Interested in CV joint replacement cost information? Most small cars today use a front wheel drive configuration. Larger trucks and vans still mostly rely on the rear wheel drive systems made feasible by their higher clearance, while smaller cars take advantage of the higher traction and stability (and lower manufacturing costs) afforded by front wheel drive technology.
CV Joint Replacement Cost Info:
A key component in front wheel drive systems is the constant – velocity joint (CV joint) they use. This integral piece allows the vehicle to deliver power to its wheels at any angle. That way even when the vehicle is turning – or running through a pothole – the wheels can receive a constant supply of power.
Just as with any other part of the vehicle, these CV joints can fail. This failure typically occurs when the protective boot surrounding the inner workings of the CV joint fails. Without the protective boot, mud, dirt, salt and water to enter. The elements of nature wash out the protective grease and leave behind the unprotected metal parts of the CV joints which wear on each other, grinding against each other at hundreds of revolutions per minute.
Damaged CV joints often go unnoticed until they begin clicking. Typically this starts as a slight “clicking” on when cornering sharply, and progresses into a full blown “clacking” sound, which occurs even in normal driving. The danger with a noisy CV joint is that this clicking signals the last stages of failure.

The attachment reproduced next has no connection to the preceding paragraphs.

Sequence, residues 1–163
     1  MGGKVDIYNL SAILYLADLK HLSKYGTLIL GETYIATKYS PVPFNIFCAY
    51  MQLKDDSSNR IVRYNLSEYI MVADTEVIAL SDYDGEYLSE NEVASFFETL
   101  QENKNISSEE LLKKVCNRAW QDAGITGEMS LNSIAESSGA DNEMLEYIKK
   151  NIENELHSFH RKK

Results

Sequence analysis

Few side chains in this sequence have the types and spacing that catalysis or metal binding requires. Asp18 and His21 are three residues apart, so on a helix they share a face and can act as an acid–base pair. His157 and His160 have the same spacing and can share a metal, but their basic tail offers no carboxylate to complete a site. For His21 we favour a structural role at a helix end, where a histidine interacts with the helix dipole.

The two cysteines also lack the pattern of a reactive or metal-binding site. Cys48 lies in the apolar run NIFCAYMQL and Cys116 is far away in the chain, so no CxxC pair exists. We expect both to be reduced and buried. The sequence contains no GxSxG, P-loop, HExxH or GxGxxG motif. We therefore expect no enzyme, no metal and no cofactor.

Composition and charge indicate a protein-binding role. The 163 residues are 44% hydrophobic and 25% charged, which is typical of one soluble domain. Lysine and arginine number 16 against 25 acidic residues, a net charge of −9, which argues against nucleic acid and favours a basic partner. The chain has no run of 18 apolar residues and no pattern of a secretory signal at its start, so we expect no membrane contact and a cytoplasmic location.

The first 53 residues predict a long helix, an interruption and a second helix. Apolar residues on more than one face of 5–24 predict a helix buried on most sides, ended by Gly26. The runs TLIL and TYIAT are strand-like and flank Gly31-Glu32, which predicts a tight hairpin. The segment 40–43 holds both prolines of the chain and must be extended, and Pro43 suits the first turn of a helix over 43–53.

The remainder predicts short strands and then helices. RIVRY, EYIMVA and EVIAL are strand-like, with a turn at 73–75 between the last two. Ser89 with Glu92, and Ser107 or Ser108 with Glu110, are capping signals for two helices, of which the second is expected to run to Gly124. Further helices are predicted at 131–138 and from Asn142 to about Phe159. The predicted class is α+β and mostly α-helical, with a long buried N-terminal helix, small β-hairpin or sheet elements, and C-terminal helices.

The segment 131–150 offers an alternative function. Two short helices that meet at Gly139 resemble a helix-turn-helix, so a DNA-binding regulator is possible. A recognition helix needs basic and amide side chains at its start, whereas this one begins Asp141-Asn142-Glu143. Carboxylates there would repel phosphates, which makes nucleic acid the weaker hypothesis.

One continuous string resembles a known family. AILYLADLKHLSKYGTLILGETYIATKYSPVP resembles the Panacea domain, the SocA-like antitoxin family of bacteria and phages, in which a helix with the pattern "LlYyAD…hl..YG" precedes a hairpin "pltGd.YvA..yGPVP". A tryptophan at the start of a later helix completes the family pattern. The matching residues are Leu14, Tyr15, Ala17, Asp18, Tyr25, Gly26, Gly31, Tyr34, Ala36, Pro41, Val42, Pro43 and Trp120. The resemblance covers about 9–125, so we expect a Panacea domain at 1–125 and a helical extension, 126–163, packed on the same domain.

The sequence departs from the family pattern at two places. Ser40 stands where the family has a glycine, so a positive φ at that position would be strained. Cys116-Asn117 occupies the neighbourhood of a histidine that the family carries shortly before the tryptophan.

Since CV joints are so closely built into the steering system of the car, the complete failure of a CV joint could be disastrous. If it were to fail all the way when driving, it could easily cause an accident, or damage other components, such as the transmission, rendering the car permanently damaged.
The Typical CV Joint Replacement Cost:
The usual CV joint replacement cost depends slightly on the type of car needing the repair. When replacing CV joints the entire half-axle must be replaced and the car re-aligned.
Generally most shops are going to charge about $500-$700 for the parts and labor to replace one CV joint (half-axle).
The half-axle itself will likely be about $200-$300 of this cost, with the remainder being labor and realignment costs.
Unfortunately, in many cases both CV joints need to be replaced at the same time, doubling these numbers. The benefit of replacing both CV joints at once means that only one realignment needs to be done for the entire repair.
If you suspect that you may be having CV joint damage it would be wise to take it to a reputable shop to get a free estimate as soon as possible. In the mean time, refrain from accelerating too rapidly or over-stressing the CV joints in aggressive cornering. If you’re looking for more than just CV joint replacement cost information you can find other CV joint related posts here including information on how CV joints work.